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Tuesday, February 22, 2011

Ind. Gov't. - Still more on: "In a legislative session seemingly overflowing with important and emotional issues ... the sentencing proposal is emerging as one of the most contentious and significant"

Here is the anticipated story by Niki Kelly of the Fort Wayne Journal Gazette on the politics behind sentencing reform. Some quotes:

INDIANAPOLIS – Whether Republican or Democrat, no state lawmaker wants to be accused in a campaign flier as being soft on crime.

This political fear is perhaps the biggest obstacle to a sentencing plan being pushed by Gov. Mitch Daniels to save the state money on prison beds. * * *

The bill [SB 561] is scheduled for a full vote in the Senate today. It then will move to the House for consideration.

The biggest organized opposition to the bill has come from Indiana prosecutors who have fought a reduction of drug sentences. They have been successful in retaining the ability to increase sentences when crimes are committed within 1,000 feet of schools and other facilities.

Steve Johnson, executive director of the Indiana Prosecuting Attorneys Council, said the prime concern for prosecutors is making sure that the most hardened criminals serve more time in prison.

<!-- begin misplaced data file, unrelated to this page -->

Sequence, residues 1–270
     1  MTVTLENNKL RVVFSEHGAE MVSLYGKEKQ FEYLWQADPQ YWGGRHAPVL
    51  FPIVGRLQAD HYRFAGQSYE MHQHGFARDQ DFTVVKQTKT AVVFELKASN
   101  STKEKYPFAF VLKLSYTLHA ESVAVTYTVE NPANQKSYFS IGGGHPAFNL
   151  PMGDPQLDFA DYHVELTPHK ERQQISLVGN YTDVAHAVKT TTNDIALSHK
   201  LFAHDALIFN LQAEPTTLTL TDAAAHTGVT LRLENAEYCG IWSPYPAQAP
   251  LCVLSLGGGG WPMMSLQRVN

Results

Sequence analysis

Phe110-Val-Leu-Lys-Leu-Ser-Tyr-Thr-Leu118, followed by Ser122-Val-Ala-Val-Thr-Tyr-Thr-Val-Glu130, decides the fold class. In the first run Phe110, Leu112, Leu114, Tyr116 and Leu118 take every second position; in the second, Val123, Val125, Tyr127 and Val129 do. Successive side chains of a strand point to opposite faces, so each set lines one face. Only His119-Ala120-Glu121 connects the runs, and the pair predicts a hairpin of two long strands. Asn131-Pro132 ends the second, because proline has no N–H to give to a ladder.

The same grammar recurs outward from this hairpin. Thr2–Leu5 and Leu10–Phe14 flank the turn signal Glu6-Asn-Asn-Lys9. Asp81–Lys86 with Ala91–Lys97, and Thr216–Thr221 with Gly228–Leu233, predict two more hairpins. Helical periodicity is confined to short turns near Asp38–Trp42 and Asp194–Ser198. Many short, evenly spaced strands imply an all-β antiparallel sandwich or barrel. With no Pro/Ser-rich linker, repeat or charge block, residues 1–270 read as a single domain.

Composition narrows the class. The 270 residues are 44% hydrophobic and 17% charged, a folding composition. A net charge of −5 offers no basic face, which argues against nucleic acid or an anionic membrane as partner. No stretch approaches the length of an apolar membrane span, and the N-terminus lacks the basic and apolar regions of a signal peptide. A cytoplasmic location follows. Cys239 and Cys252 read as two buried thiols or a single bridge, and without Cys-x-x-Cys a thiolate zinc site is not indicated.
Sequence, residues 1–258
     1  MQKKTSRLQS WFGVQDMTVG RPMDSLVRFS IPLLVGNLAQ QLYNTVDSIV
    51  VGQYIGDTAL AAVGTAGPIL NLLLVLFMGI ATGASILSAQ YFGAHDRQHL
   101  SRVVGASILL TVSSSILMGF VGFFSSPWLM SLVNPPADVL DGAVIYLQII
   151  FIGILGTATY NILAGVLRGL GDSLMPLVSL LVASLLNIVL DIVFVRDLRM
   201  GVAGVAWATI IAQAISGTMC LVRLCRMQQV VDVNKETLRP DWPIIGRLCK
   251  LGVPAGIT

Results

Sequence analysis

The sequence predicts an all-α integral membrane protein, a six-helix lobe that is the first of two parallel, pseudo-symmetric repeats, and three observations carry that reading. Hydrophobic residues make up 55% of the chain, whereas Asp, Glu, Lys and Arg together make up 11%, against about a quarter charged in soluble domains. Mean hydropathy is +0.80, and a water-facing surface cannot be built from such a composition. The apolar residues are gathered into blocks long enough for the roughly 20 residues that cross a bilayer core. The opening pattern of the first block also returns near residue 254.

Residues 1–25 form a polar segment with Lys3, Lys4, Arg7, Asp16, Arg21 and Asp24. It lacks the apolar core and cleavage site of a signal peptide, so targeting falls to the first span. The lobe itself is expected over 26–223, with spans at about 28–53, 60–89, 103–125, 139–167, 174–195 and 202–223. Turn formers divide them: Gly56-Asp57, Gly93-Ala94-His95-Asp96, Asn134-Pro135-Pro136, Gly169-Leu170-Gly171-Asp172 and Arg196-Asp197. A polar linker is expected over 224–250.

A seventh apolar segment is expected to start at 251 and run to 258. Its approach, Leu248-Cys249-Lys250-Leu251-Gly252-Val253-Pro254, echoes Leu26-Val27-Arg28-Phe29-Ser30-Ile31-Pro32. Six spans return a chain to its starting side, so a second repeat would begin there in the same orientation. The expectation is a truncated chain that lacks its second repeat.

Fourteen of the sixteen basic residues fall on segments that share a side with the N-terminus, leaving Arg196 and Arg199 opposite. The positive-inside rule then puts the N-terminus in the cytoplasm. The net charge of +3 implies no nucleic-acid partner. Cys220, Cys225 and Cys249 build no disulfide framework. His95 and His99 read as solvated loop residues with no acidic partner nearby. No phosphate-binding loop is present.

That is why legislators added an amendment to the overhaul legislation that would make the worst felons serve at least 85 percent of their sentence – commonly known as truth in sentencing – instead of the current system where most prisoners serve half of each sentence.

Johnson said that change added balance to the bill so lawmakers can feel they are being tough on some criminals even while reducing others’ sentences.

But Steele said that the truth-in-sentencing amendment, “may blow the fiscal upside of the bill completely out of the water.”

He noted the whole point was to avoid building more prisons – not extend sentences.

Rep. Jeff Espich, R-Uniondale, said he has not accounted for the sentencing bill in his version of the state budget – not in savings or possible increased spending on longtime felons.

“Legislators have gotten nervous and they are trying to modify the bill so it’s a trade-off,” he said.

“You have to be really careful it doesn’t end up costing more. We obviously can’t afford that.”

Posted by Marcia Oddi on February 22, 2011 12:39 PM
Posted to Indiana Government